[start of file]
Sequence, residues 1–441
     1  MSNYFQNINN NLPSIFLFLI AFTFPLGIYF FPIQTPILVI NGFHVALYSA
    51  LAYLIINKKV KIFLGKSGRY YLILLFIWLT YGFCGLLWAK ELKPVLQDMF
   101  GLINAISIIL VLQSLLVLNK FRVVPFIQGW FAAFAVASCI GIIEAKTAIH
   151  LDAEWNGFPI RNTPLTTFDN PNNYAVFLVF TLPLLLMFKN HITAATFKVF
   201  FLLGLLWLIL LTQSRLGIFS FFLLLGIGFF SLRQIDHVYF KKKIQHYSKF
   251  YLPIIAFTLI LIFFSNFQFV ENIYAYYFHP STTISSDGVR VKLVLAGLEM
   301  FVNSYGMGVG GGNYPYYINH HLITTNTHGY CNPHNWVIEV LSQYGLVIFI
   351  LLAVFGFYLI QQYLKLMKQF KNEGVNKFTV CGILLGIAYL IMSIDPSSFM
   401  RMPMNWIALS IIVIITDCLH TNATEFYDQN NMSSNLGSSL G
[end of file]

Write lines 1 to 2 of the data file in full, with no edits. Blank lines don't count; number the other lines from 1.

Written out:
Sequence, residues 1–441
     1  MSNYFQNINN NLPSIFLFLI AFTFPLGIYF FPIQTPILVI NGFHVALYSA